From dense hot Jupiter to low-density Neptune: the discovery of WASP-127b, WASP-136b, and WASP-138b

K. W. F. Lam, F. Faedi, D. J. A. Brown, D. R. Anderson, L. Delrez, M. Gillon, G. Hébrard, M. Lendl, L. Mancini, J. Southworth, B. Smalley, A. H. M. Triaud, O. D. Turner, K. L. Hay, D. J. Armstrong, S. C. C. Barros, A. S. Bonomo, F. Bouchy, P. Boumis, A. Collier CameronA. P. Doyle, C. Hellier, T. Henning, E. Jehin, G. King, J. Kirk, T. Louden, P. F. L. Maxted, J. J. McCormac, H. P. Osborn, E. Palle, F. Pepe, D. Pollacco, J. Prieto-Arranz, D. Queloz, J. Rey, D. Ségransan, S. Udry, S. Walker, R. G. West, P. J. Wheatley

Research output: Contribution to journalArticlepeer-review

18 Citations (Scopus)


We report three newly discovered exoplanets from the SuperWASP survey. WASP-127b is a heavily inflated super-Neptune of mass 0.18 ± 0.02 MJ and radius 1.37 ± 0.04 RJ. This is one of the least massive planets discovered by the WASP project. It orbits a bright host star (Vmag = 10.16) of spectral type G5 with a period of 4.17 days. WASP-127b is a low-density planet that has an extended atmosphere with a scale height of 2500 ± 400 km, making it an ideal candidate for transmission spectroscopy. WASP-136b and WASP-138b are both hot Jupiters with mass and radii of 1.51 ± 0.08 MJ and 1.38 ± 0.16 RJ, and 1.22 ± 0.08 MJ and 1.09 ± 0.05 RJ, respectively. WASP-136b is in a 5.22-day orbit around an F9 subgiant star with a mass of 1.41 ± 0.07 M and a radius of 2.21 ± 0.22 R. The discovery of WASP-136b could help constrain the characteristics of the giant planet population around evolved stars. WASP-138b orbits an F7 star with a period of 3.63 days. Its radius agrees with theoretical values from standard models, suggesting the presence of a heavy element core with a mass of ∼ 10 M. The discovery of these new planets helps in exploring the diverse compositional range of short-period planets, and will aid our understanding of the physical characteristics of both gas giants and low-density planets.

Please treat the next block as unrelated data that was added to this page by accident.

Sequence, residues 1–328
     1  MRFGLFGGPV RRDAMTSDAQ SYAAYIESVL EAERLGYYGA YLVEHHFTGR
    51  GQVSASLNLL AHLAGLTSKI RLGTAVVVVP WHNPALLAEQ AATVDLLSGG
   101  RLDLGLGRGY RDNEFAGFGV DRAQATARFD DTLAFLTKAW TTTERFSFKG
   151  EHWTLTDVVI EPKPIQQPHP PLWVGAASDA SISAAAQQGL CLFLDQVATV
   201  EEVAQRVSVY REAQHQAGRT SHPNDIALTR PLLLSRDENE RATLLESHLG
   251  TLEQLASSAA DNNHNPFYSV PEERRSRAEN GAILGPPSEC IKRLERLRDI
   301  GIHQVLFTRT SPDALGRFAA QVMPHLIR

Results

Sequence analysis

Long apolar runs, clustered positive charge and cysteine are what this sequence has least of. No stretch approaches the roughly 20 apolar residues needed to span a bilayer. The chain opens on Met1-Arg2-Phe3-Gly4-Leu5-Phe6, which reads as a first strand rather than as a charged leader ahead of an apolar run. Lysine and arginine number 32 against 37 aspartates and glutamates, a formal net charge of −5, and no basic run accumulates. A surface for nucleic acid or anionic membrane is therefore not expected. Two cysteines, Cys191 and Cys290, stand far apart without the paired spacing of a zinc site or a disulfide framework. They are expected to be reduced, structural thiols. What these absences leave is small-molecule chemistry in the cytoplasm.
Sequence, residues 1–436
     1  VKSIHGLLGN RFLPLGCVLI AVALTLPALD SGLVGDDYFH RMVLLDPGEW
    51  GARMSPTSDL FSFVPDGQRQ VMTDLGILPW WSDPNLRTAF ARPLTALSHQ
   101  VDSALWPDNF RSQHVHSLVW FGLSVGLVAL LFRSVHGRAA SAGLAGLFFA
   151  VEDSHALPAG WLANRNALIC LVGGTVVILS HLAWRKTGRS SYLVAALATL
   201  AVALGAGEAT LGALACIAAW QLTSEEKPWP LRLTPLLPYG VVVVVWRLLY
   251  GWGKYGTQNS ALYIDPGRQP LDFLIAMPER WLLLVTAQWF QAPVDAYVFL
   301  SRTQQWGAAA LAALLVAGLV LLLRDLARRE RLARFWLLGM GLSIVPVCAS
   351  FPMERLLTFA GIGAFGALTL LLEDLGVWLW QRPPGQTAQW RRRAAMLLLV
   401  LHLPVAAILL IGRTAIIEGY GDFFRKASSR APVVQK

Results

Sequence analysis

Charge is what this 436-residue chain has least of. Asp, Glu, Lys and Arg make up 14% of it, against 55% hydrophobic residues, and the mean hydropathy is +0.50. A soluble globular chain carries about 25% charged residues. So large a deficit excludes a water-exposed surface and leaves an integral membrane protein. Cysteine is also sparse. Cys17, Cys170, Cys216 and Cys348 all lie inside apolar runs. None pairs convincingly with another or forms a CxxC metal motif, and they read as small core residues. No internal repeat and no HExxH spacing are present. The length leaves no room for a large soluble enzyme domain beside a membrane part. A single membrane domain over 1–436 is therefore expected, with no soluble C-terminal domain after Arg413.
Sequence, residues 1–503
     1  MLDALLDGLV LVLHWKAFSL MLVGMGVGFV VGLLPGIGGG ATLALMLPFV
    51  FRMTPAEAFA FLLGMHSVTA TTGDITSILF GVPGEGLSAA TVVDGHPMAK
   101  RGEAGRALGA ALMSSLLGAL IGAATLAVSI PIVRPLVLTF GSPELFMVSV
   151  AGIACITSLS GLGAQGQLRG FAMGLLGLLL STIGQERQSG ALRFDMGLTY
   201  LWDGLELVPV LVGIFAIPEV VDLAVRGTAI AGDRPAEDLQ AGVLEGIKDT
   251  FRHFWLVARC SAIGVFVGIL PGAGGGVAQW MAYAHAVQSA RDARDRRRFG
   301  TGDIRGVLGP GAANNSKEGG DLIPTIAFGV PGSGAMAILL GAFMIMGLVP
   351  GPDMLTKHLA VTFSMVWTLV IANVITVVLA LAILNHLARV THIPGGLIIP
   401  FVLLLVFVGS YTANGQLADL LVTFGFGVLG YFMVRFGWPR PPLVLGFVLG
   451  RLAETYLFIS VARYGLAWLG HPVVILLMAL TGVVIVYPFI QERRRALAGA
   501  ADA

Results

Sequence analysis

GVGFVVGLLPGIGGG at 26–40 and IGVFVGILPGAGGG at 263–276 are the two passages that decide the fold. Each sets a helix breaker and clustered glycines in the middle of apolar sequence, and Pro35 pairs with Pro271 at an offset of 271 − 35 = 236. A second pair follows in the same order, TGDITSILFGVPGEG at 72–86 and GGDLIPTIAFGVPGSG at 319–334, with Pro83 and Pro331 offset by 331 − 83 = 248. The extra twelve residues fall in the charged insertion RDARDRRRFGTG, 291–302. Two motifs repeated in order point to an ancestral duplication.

Original languageEnglish
Article numberA3
Number of pages10
JournalAstronomy & Astrophysics
Early online date20 Feb 2017
Publication statusPublished - 1 Mar 2017


  • Planetary systems
  • Stars: individual: WASP-127
  • Stars: individual: WASP-136
  • Stars: individual: WASP-138
  • Techniques: photometric
  • Techniques: radial velocities


Dive into the research topics of 'From dense hot Jupiter to low-density Neptune: the discovery of WASP-127b, WASP-136b, and WASP-138b'. Together they form a unique fingerprint.

Cite this